Is freezing a feminist issue?

I was at a seminar recently where the idea that egg freezing would lead to more equality between the sexes was debated – if women were able freeze eggs when they were younger, it was argued, they wouldn’t need to worry about their biological clocks. Women could have children when they wanted rather than in the time frame that nature specifies, thus making them more like men. It was pointed out that men have been freezing sperm for decades and yet when women are given the chance to freeze eggs, we suddenly raise all kinds of ethical issues.

It’s an interesting argument, but is egg freezing really a way of making women more equal?For a start, it’s a costly business and is only ever likely to be available to those who can afford to pay. And it’s often not until a time when female fertility is already in decline that most women have the money – or the inclination – to freeze their eggs.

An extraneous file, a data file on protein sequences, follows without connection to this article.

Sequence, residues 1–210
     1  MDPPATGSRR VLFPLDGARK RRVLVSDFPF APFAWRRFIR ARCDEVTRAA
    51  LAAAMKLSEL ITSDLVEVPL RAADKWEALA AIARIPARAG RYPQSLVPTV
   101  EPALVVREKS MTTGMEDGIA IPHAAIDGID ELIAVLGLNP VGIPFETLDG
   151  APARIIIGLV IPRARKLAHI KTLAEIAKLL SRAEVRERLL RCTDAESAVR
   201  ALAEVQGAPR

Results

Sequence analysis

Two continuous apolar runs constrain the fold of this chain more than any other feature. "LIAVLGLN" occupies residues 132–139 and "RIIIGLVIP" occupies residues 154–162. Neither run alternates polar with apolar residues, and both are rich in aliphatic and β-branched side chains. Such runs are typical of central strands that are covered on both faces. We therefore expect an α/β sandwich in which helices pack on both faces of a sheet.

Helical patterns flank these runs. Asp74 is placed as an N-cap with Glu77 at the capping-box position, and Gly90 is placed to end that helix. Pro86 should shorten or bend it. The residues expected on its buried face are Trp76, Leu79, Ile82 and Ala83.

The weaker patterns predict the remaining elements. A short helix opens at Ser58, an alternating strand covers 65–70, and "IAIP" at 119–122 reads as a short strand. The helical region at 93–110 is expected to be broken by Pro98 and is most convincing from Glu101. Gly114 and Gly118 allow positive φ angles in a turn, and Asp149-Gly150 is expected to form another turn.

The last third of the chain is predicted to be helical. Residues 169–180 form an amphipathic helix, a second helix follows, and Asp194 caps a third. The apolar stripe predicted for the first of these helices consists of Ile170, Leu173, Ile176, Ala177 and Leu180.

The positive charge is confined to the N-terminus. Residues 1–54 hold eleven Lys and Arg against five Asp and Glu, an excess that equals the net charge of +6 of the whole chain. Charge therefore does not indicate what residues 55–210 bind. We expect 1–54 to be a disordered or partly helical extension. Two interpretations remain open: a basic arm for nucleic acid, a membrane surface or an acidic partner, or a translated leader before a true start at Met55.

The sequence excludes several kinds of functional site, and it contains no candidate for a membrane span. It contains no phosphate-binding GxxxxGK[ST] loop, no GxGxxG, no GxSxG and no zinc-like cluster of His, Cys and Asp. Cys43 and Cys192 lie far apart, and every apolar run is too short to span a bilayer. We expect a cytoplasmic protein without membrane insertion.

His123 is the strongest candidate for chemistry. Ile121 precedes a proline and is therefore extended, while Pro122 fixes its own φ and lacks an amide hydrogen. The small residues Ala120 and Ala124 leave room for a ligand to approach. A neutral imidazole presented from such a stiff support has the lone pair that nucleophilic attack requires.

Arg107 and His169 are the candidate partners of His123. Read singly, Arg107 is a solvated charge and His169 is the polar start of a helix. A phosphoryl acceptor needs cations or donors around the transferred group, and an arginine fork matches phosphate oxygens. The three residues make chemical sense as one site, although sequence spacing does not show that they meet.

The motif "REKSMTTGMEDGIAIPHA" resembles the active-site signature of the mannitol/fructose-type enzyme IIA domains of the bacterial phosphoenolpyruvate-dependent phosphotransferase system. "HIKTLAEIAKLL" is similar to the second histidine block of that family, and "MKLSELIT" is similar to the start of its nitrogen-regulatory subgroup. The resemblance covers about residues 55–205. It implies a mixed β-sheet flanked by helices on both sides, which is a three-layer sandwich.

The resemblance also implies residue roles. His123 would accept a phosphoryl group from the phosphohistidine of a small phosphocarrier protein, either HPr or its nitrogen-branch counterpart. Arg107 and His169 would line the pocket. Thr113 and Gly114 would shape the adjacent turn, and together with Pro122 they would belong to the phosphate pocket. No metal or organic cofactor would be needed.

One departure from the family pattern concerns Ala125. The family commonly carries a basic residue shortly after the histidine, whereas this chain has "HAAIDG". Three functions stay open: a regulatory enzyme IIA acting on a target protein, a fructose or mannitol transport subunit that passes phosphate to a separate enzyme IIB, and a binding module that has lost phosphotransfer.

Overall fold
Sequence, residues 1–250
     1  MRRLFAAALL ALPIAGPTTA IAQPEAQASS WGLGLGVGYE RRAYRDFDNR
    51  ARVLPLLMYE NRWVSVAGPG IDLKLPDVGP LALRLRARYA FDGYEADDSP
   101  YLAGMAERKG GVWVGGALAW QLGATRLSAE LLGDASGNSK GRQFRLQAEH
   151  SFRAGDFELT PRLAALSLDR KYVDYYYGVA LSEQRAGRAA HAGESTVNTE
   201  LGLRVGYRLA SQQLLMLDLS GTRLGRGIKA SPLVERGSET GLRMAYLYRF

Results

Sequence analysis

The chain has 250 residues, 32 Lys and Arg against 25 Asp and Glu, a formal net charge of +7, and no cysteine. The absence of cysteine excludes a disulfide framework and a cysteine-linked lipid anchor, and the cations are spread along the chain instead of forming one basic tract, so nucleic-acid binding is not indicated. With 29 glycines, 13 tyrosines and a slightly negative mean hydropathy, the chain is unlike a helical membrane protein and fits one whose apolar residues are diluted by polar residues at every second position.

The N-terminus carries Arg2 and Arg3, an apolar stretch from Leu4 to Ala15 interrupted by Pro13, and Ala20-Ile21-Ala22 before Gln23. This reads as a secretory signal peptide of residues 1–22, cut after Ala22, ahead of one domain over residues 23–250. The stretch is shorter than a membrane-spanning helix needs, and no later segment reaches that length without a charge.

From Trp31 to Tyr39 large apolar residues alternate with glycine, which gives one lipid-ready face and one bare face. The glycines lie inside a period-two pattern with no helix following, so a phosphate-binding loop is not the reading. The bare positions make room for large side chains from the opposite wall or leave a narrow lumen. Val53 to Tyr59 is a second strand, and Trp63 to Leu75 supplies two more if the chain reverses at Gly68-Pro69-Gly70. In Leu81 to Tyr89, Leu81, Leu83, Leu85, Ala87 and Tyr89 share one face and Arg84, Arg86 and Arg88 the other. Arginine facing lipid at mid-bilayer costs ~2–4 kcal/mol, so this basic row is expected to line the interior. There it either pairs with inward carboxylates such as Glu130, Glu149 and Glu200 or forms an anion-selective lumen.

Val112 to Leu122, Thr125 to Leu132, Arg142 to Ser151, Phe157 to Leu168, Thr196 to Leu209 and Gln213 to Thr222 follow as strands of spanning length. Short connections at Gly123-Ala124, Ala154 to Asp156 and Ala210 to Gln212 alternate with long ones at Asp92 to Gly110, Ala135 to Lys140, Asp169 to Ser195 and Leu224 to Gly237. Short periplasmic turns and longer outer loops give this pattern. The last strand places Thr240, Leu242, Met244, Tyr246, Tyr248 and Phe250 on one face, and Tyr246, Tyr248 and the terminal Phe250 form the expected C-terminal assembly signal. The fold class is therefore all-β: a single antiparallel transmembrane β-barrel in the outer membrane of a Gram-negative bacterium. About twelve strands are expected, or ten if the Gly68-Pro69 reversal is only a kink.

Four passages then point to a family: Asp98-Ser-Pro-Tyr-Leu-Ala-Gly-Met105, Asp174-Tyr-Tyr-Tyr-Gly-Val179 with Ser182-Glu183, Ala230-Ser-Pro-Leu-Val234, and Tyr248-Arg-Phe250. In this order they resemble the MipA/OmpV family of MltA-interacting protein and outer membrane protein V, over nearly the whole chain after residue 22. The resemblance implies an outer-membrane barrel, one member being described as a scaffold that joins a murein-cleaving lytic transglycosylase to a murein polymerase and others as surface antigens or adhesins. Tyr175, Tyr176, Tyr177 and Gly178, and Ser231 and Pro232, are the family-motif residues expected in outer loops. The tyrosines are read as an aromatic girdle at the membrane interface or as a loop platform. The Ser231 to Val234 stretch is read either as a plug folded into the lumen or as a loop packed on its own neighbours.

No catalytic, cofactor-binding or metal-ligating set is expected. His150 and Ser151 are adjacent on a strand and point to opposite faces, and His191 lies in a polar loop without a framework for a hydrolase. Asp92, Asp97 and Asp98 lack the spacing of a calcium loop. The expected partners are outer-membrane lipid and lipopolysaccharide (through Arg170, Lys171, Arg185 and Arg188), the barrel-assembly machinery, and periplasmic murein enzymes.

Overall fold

The other concern for those who freeze is that having a store of eggs in the bank could lull them into a false sense of security. Women are sold the idea of preserving their fertility but fertility isn’t something you can pickle in a jar – and freezing your eggs isn’t a guarantee that you will eventually have a baby or even viable embryos. The eggs have to survive thawing, they have to fertilise, develop and implant. Success rates are not high.

So is egg freezing a feminist issue? Will it allow women to stop worrying about their declining fertility? Is it empowering them or is it storing up future disappointment?

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